Johnny Vaught is a burly, level-eyed and hard-working man of 52. He has the weather-beaten look of a telephone lineman and the calm, authoritative eye of an oldtime police captain. To use a Mississippi expression, Vaught knows he can hit the center of a spittoon every time. When he wishes, Johnny Vaught can be marvelously accurate with words, too, but this is not very often. Sometimes he is glumly laconic, particularly when he is asked to expound on his team's prospects. A native of Texas, Vaught was an all-star fullback as well as class valedictorian at Fort Worth's Polytechnic High School. He went on to Texas Christian University, where he played left guard, captained TCU's Southwest championship team in 1932 and won All-America honors the same year.
A split-T convert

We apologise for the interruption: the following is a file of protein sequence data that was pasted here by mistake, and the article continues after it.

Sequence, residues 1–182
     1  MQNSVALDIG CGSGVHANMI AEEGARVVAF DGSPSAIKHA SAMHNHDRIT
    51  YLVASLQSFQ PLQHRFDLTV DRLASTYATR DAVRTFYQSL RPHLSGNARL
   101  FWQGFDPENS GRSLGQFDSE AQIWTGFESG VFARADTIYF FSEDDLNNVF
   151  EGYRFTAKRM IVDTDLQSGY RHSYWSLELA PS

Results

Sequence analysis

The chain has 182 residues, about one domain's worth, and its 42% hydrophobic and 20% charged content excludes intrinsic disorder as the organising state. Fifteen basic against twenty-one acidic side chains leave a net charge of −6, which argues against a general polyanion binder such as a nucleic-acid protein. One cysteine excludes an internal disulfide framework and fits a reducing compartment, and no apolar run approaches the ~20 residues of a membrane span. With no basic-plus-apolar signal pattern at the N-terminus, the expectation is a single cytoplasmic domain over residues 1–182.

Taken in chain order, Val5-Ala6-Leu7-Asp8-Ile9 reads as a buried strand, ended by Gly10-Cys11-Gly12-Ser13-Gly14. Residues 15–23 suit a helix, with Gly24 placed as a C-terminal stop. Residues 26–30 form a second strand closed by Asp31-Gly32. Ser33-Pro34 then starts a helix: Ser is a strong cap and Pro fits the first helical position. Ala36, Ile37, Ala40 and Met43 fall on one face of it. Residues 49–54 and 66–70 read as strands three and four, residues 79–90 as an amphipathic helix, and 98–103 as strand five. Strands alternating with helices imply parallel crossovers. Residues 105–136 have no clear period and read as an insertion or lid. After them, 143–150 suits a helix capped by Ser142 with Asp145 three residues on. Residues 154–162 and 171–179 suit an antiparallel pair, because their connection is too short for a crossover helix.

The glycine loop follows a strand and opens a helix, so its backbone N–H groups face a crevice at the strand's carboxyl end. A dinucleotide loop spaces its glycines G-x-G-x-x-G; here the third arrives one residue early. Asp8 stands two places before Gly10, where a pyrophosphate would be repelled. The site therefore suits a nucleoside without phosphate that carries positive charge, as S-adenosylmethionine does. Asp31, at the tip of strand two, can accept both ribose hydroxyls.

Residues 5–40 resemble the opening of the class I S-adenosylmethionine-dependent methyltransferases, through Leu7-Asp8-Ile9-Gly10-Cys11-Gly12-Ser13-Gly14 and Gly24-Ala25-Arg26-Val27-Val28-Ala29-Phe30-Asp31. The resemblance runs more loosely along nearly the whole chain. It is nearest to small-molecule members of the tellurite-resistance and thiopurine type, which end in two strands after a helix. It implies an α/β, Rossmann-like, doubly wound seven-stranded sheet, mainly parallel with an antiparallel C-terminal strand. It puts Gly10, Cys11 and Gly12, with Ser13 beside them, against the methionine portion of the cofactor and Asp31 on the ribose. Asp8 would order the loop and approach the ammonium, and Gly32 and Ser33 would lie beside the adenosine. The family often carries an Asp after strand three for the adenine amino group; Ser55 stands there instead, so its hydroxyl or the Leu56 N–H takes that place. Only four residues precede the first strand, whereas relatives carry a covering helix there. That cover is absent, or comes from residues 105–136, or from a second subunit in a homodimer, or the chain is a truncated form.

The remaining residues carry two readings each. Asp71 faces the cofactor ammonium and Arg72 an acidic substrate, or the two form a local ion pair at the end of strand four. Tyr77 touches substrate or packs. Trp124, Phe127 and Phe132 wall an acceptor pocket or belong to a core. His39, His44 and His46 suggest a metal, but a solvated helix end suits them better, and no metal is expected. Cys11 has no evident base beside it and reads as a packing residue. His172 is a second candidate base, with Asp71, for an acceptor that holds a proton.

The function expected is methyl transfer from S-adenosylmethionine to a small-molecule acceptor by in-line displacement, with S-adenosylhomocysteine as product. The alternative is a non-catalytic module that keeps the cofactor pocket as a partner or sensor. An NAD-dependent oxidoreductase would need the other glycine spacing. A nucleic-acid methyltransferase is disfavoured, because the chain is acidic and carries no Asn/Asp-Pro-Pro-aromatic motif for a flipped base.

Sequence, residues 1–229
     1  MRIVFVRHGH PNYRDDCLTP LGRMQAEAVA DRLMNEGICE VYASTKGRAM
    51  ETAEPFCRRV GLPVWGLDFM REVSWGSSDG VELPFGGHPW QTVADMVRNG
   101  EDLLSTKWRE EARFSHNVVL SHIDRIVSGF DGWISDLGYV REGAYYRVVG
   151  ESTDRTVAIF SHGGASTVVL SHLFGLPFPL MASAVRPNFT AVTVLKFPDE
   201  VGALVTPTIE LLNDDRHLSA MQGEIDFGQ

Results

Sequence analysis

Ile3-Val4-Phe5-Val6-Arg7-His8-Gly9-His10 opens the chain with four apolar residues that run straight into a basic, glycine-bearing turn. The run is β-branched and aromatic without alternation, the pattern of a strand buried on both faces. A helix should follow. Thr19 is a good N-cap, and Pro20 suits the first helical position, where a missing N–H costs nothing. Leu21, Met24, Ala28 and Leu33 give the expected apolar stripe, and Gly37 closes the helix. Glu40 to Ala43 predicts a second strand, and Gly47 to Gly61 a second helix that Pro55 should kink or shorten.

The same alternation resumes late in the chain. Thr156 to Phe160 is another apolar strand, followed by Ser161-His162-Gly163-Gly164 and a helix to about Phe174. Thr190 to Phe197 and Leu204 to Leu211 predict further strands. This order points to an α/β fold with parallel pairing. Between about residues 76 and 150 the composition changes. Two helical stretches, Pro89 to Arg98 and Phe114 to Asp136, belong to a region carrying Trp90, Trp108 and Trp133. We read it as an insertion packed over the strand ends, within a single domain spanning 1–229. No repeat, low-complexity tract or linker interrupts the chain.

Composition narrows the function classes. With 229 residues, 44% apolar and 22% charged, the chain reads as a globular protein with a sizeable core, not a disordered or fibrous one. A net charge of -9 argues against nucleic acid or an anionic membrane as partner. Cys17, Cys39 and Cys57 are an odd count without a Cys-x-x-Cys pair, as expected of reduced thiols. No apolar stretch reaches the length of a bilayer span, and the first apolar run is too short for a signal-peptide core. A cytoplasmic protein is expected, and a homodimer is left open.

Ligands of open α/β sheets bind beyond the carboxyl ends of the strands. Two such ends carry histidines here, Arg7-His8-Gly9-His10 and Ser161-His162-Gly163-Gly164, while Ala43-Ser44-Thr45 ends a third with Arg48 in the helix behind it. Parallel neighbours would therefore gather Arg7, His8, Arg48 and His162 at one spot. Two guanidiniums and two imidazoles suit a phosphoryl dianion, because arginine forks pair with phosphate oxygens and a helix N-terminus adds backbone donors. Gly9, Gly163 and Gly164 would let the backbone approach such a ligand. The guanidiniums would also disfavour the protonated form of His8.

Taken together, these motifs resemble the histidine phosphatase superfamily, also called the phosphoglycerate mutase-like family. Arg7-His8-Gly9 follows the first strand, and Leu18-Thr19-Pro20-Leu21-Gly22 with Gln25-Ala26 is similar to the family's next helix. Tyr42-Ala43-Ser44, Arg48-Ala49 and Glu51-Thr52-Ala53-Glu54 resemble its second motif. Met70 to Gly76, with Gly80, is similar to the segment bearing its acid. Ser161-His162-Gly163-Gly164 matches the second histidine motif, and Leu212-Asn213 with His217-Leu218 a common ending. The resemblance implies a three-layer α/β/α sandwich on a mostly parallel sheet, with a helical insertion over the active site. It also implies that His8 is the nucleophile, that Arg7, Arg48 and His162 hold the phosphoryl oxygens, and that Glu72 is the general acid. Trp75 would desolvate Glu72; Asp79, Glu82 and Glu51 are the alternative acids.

After graduation, Vaught coached at North Side High School in Fort Worth for a couple of years, spent another year peddling electrical appliances and then joined Ray (Bear) Wolf's staff at North Carolina. He spent six years at North Carolina and when World War II came was commissioned an officer in the Navy's preflight program. He was a line coach under Jim Crowley at Chapel Hill, then was assigned to the same job under Larry (Moon) Mullins at Corpus Christi, where he became a split-T convert. Vaught was a lieutenant commander when he got out of the service and stepped directly into a job as line coach at Ole Miss under Harold (Red) Drew. Although 1946 was a miserable season, with the Rebels winning only two games and losing seven, Vaught and Mississippi developed such a rapid and rapturous infatuation for each other that when Drew returned to Alabama at the end of the year there never was any question but that Vaught would succeed him. It turned out to be an astonishingly wise decision.